Reborn Tempo sold out within 2 days


After a four-year ban, the magazine appears to be on its way to regaining its position as Indonesia’s most-respected current affairs weekly.

ALL 130,000 copies of the influential Tempo magazine were sold out nationwide within two days of the current affairs magazine hitting the streets last Tuesday after a four-year ban.

“It is a surprise – a pleasant surprise to know that this magazine is in such demand,” Tempo’s sales manager Basry Ali said, adding that the high demand was unexpected, given the economic crisis.

“The feedback we have received is that people are happy with our first issue and are looking forward to the second one.”

A Sunday Times check with several news vendors here found that the popular weekly, modelled after Time magazine, was sold out.

Mr Nanok Sarwono, who sells newspapers and magazines in South Jakarta, said he ordered 50 copies initially. But because of its popularity, he would ask for 20 more.

“See, no more Tempo now,” he said, pointing to racks which displayed nearly all other Indonesian weekly magazines like Gatra, D&R, Panji and Forum. “Come back next week. If you are lucky, you will get a copy.”

According to general practitioner Dr Widadi Hidayat, the appeal of Tempo – which appears destined to once again assume the mantle of the country’s leading news weekly – is its ability to present all sides of the story “without any cover-ups”.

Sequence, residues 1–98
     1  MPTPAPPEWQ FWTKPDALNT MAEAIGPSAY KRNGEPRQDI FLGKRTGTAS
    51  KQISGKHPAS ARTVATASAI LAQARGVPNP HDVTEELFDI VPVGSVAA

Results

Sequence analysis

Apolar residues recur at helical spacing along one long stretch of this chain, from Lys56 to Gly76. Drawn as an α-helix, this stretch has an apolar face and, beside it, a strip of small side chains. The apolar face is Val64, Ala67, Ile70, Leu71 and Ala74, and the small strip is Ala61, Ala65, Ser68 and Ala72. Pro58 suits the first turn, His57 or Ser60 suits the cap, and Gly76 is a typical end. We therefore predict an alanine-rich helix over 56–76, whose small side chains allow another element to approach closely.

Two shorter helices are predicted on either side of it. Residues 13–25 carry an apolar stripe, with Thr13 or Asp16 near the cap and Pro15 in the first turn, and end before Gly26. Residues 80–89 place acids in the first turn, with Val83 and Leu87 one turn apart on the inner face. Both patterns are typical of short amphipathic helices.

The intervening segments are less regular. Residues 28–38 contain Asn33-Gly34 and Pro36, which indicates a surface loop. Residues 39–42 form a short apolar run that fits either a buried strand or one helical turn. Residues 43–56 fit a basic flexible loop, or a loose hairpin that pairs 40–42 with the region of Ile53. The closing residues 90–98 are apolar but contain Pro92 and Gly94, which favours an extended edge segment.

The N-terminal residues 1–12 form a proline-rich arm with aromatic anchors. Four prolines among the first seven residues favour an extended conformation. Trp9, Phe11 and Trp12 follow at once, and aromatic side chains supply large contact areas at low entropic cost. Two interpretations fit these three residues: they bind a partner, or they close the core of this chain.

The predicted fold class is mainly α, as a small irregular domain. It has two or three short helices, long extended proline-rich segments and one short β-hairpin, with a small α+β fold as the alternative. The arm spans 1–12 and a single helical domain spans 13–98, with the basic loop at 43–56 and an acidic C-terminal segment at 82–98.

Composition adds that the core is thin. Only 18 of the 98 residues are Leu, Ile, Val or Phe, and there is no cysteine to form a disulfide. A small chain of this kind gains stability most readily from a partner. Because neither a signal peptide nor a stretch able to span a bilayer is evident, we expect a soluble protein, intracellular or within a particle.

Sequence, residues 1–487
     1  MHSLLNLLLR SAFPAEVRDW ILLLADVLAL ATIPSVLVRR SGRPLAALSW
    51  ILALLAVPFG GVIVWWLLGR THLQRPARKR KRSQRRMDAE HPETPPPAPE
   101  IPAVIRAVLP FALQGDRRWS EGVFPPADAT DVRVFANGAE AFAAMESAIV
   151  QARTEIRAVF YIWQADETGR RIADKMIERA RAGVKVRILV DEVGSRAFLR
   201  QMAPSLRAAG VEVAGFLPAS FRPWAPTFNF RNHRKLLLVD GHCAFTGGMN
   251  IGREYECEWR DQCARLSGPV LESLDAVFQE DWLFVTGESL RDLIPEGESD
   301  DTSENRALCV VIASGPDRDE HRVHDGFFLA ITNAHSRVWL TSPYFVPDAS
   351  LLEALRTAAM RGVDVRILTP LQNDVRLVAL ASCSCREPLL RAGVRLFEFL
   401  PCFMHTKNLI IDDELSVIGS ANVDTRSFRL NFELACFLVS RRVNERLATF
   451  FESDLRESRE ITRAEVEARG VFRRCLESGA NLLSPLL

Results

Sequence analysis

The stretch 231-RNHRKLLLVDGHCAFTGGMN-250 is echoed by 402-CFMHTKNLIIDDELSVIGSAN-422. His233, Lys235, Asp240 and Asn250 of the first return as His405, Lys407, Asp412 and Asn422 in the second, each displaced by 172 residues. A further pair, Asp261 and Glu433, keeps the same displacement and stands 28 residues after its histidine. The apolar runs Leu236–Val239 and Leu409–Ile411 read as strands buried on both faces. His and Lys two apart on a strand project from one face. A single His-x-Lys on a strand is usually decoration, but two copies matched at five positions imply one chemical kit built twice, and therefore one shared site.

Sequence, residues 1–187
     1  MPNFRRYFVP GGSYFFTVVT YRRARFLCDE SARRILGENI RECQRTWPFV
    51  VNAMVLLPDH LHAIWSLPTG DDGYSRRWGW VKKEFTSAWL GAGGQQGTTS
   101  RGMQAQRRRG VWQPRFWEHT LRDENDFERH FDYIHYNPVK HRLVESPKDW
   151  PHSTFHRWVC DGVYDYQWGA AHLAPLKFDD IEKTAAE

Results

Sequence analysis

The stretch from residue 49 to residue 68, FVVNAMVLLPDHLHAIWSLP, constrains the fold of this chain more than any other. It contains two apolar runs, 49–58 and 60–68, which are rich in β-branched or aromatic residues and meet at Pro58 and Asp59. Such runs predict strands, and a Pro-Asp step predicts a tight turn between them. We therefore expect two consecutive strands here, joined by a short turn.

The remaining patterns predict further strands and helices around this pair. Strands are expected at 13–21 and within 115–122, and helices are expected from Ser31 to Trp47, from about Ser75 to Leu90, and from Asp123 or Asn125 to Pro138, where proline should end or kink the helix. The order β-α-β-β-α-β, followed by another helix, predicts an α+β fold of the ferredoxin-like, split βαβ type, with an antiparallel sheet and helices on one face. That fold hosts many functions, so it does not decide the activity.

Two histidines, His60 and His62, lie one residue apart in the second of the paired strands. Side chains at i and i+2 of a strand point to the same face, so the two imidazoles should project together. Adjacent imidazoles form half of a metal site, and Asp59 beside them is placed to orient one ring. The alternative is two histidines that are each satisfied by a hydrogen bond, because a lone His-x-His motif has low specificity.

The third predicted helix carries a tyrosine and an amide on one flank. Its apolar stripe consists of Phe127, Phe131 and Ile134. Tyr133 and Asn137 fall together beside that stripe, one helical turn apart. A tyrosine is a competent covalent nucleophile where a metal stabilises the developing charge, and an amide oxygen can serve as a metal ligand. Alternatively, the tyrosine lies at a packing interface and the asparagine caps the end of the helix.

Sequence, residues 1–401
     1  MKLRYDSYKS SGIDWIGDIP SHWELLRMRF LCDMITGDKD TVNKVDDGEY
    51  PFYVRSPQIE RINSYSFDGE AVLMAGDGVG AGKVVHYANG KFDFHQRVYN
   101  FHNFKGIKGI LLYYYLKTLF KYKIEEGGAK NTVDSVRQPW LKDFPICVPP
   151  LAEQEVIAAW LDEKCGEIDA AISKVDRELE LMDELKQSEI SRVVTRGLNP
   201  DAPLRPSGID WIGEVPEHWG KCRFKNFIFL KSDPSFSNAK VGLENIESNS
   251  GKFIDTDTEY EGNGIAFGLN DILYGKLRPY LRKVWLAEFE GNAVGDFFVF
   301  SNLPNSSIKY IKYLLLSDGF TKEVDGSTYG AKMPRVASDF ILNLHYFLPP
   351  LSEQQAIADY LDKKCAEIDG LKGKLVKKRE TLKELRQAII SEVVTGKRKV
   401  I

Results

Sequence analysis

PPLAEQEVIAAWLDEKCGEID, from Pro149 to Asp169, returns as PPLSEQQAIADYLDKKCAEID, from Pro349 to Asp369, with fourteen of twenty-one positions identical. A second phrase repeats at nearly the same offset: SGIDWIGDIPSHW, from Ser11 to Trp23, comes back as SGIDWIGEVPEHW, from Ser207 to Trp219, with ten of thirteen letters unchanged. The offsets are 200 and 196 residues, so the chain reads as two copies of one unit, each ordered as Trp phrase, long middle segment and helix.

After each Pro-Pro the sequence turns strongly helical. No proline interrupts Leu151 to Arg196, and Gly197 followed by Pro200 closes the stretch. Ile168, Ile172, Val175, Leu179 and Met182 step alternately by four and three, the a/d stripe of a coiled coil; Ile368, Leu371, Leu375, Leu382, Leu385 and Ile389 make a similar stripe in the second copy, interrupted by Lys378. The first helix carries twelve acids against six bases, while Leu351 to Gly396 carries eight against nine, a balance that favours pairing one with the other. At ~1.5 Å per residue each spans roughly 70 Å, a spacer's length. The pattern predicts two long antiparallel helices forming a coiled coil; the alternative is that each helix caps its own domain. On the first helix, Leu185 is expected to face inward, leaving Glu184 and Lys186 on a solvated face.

He pointed to its cover story on the alleged mass rapes of ethnic-Chinese Indonesian women during the May riots as an example.

The feature carried the testimonies of three people who met rape victims, and a story of an Indonesian-Chinese woman who saw the gang rape of one girl and later helped the victim and her family move to Australia.

“This is not gossip or exaggerated journalism,” said Dr Hidayat.

“They pull no punches. They presented the readers with different versions and left it to us to decide.”

Another reason for its popularity has to do with the status that the magazine attained when the government of former President Suharto forced its closure in 1994. Its publishing permit was revoked, and vague editorial reasons were cited.

Editor-in-chief Gunawan Mohamad, who put a visiting-professorship position at Columbia University on hold to head the
magazine, said that, ironically, this turned the publication into something of a “legend”.

“We are not a legend. We are an ordinary magazine like any other publication. The government made us a legend by banning us,” he told The Sunday Times yesterday.

Such perceptions of Tempo – which at the height of its popularity in the early 90s had a circulation of 180,000 copies – would make it difficult for the magazine to live up to its reputation, he added.

“People might just forget us after the sixth issue if we fail to live up to their expectations.”

He said the next issue would focus on opposition leader Megawati Soekarnoputri and the Indonesian Democratic Party. It would also have an exclusive interview with Malaysian Prime Minister Datuk Seri Dr Mahathir Mohamad.

“There is freedom now and we can use this to raise the quality of debate in the country. But we are still dealing with fixed ideas, cliches, narrow-mindedness and fanaticism. It will not be easy,” he said.

“Freedom brings even greater responsibility. We have to be careful not to abuse it.”

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